Signs of Spring 1: Good News and Bad News

Photo by D. Sillman


I have been looking everywhere for signs of spring! Although this has not been a terribly hard winter (here in Western Pennsylvania, anyway), everyone is justifiably sick of the cold temperatures and the gray skies. Also, most of us desperately miss the color green and the morning choruses of the waking birds and the evening trilling of the peepers and tree frogs! We are ready for spring to arrive!

My cat Mazie (pictured above) has decided that we will have more winter this year, though. She fled from the front yard to the porch and ran all the way to the basement when we did our fifth annual House Cat Day experiment!

The three of the first four “Signs of Spring” I have seen are not terribly welcome ones. I guess we have to take what we can get! I’ll start with the “nice” one and then get all dark and gloomy.

Honeybee in bird feeder

Photo by D. Sillman

The bees are awake and “afoot!” On a warm afternoon last week a squadron of honeybees converged on my bird feeders in search of anything sweet and edible! I think that the powdery residue of the shelled corn that I have been putting out for the jays, crows, and squirrels drew the bees in (and hopefully gave them something that they could take back to their hive). The photo on the left shows one of the honey bees checking out the sunflower seeds! It is not energetically beneficial for the bees to go out foraging before there are any flowers, but it was nice to see them after all of these bee-less winter months!

Photo by D. Sillman

A second sign of spring was inside my home: over the past few weeks the distinctive aroma of brown marmorated stink bugs has been rising in unexpected places throughout my house. When we were sitting in the living room in the evening, when I was riding my exercise bicycle in the afternoon, when we were getting ready to feed our dog her dinner, all of a sudden our olfactory senses were overwhelmed by the pungent scent of a stink bug (or three, or four). The bugs were stuck away and hiding in all sorts of nooks and crannies (up in fluorescent light fixtures, under dressers, behind books on shelves, in the labyrinth of all of the cans in pantry, in a pair shoes) and were being roused from their winter torpor, I think, by the warmer temperatures and growing day lengths.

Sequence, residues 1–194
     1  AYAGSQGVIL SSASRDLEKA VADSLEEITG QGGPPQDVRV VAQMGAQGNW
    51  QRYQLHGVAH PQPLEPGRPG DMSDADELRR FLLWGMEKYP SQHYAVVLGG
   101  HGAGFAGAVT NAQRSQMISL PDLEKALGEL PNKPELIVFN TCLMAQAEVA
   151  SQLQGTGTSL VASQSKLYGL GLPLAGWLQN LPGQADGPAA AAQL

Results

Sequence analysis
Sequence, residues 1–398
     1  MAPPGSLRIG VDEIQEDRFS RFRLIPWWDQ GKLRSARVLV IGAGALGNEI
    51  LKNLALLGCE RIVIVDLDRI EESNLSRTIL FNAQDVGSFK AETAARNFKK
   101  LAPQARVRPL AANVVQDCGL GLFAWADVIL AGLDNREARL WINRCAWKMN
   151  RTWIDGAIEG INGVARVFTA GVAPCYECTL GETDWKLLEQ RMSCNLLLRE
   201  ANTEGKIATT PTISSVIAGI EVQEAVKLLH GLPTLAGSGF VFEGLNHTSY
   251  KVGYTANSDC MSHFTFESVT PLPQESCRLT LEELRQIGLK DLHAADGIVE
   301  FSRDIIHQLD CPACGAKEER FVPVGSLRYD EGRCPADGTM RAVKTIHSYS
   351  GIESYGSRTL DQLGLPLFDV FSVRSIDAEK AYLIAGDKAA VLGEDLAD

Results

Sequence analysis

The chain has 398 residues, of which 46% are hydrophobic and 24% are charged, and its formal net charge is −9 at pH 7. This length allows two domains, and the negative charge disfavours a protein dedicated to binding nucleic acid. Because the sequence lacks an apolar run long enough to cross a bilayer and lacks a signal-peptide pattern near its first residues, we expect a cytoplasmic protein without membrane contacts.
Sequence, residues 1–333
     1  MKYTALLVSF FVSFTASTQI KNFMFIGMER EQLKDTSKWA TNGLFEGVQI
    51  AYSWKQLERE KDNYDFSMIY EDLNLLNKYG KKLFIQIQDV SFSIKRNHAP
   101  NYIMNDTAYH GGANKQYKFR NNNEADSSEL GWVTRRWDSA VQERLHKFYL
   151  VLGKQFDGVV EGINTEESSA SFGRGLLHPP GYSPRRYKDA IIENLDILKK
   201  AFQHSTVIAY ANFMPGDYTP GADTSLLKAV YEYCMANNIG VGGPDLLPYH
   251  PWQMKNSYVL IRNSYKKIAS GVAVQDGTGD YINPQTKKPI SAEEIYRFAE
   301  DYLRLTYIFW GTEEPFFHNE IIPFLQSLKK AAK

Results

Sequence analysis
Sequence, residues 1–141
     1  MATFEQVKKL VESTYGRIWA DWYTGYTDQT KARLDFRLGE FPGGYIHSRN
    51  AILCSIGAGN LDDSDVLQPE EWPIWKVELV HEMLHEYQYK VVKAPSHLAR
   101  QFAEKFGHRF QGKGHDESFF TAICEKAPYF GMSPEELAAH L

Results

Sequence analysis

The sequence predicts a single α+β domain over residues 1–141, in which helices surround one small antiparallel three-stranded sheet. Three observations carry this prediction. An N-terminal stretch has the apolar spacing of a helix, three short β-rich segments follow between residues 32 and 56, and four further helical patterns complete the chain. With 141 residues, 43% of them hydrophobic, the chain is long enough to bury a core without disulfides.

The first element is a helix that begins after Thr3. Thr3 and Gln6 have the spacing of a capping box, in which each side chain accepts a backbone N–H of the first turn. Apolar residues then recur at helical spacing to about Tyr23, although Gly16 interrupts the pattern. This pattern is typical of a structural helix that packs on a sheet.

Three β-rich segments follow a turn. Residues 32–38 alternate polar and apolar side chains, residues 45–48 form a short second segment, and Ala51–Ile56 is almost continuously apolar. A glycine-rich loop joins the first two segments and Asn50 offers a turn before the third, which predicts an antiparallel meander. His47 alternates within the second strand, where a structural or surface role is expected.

What we are seeing is probably the tip of the hibernating horde of stink bugs! A few will come out to check out the weather conditions and then either wander off to die (or get caught in one of my stink bug bottles) or tuck themselves back into one of their hidden hibernaculae.

The ability of these stink bugs to overwinter is remarkable. There is some mortality among the hibernating bugs, but a significant percentage of even the outside hibernators make it through to spring and to their opportunity to mate. Colder temperatures, though, reduce this percentage of survival. Several models of climate change and global warming have included increased survival of stink bugs at higher and higher latitudes with, then, significantly larger spring and summer populations of this potentially destructive pest. When you factor in their ability to find their way into our houses and spend the winter months hibernating in tiny crevices and hideouts all around us the survival rate goes up to near 100% and the northern, “freeze” boundary disappears altogether.

Photo by Dori Wikimedia Commons